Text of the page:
We ventured out of the subway stop and avoided puddles under the cloudy sky as we made way to one of the most famous art museums of the world: Musée du Louvre. Home to the overrated portrait of Mona Lisa and famous setting from the popular novel The Da Vinici Code. I remember my high school art teacher lamenting to us how ridiculous people are so fixed on Da Vinci’s painting and would be done with the place. I always remembered that even she said that my freshman year of high school. We had the opportunity to spend several hours in the museum before we caught our train back to London. It was about 9:30 and the place was not packed. So we took advantage of that and zoomed toward the Mona Lisa. If we paid her the obligatory visit we would then be free for the rest of the afternoon. The closer we got to it the more crowded it got until we finally got there. Entering the room I found a mob of people squished together with barely enough room to breathe with their arms in their air flashing pictures. We fought our way in. Glanced at it for a few seconds with people fighting you for a chance to get just a centimeter closer, took our pictures, and flew out of the increasingly aggressive crowd.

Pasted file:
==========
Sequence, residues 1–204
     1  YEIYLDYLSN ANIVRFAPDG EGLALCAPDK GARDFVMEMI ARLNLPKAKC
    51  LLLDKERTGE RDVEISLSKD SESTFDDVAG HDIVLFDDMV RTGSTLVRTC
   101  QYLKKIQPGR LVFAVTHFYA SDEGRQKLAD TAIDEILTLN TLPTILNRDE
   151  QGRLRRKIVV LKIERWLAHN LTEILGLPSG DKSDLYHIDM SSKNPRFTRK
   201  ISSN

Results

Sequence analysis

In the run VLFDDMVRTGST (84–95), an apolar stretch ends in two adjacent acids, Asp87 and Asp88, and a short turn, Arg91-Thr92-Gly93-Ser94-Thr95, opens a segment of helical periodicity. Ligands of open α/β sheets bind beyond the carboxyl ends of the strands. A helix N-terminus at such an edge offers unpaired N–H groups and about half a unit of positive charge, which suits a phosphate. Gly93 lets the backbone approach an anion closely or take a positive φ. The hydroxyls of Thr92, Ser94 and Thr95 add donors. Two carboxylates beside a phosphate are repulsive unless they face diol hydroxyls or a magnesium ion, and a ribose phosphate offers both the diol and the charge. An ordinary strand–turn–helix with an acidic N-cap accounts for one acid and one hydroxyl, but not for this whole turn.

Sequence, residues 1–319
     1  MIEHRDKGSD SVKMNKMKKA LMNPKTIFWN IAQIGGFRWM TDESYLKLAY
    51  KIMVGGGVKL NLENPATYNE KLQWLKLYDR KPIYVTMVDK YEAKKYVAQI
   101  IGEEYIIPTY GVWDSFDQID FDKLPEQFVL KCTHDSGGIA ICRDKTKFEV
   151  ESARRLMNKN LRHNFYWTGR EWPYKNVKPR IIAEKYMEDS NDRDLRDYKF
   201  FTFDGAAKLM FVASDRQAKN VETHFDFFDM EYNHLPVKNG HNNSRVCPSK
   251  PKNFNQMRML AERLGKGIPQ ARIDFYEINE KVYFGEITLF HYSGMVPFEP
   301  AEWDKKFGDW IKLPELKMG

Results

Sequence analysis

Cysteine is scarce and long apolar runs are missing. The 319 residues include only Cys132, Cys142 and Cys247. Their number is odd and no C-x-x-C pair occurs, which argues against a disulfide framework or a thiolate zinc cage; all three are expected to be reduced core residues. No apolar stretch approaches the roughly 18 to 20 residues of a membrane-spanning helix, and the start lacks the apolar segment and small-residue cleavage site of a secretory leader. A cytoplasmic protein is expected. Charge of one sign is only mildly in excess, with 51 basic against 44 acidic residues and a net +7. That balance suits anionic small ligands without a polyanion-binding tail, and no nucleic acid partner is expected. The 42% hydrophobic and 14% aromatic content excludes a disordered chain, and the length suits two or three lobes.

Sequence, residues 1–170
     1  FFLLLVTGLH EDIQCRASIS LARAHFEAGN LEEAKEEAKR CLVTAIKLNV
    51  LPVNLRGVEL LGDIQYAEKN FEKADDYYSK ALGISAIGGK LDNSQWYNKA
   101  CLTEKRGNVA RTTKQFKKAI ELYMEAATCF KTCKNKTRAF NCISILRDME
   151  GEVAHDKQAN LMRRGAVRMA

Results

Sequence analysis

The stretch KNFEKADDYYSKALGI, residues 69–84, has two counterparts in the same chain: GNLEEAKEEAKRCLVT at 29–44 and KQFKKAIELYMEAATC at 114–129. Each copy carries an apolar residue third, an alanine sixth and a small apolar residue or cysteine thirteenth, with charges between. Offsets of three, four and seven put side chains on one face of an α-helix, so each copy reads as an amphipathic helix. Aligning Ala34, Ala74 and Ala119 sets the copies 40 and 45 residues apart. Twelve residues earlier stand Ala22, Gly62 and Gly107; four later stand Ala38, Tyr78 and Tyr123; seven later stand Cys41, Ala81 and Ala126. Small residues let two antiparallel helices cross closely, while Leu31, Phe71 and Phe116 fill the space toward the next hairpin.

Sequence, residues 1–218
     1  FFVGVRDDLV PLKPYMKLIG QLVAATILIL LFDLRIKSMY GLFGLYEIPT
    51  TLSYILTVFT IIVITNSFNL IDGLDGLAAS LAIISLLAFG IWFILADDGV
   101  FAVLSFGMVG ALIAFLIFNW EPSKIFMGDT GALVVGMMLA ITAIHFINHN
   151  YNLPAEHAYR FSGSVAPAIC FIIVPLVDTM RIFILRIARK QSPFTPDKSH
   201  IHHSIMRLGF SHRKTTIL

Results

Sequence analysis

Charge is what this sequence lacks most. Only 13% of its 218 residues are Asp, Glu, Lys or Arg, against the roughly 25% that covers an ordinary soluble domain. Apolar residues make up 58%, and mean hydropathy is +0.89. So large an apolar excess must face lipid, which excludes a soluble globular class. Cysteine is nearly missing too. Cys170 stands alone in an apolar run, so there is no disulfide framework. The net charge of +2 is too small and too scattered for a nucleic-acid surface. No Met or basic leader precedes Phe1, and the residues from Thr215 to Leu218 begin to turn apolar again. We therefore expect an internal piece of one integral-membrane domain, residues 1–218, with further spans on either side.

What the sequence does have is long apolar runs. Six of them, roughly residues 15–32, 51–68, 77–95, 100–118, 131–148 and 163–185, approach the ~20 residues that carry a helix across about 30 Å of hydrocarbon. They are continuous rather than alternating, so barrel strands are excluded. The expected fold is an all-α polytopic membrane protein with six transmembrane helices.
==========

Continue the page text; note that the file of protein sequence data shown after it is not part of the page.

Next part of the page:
I am surprised how much I enjoyed the museum. You could spend your entire life in the Lourve and still not see all 35,000 pieces currently placed there. It ranges from prehistoric works to ancient Greek/Roman works up to modern pieces. The venues I saw were mainly the Italian/Spanish Renaissance pieces & ancient Roman/Greek/Egyptian works. I was most impressed with the Italian Renaissance pieces, maybe that’s because I am most familiar with those pieces, the scenes they depict, and the history. They mostly dealt with religious, biblical, and Catholic scenes. Yet I have a growing interest in ancient Rome and Greece, so I really enjoyed the statues (yes the famous Venus de Milo) and excavated objects. I took a lot of pictures in the Lourve-probably more than I should have. But some of the pieces really are amazing: the detail, the color, the shadowing, the scenes. I was able to see the brush strokes on some works and some cracks on others. It’s great that people are allowed extremely close to these works so that detail can be seen. Just to know you are standing in the presence of some of the world’s most beloved and cherished pieces of artwork of all times is amazing. Below are some of my favorite works that I saw there. Click pictures to make bigger.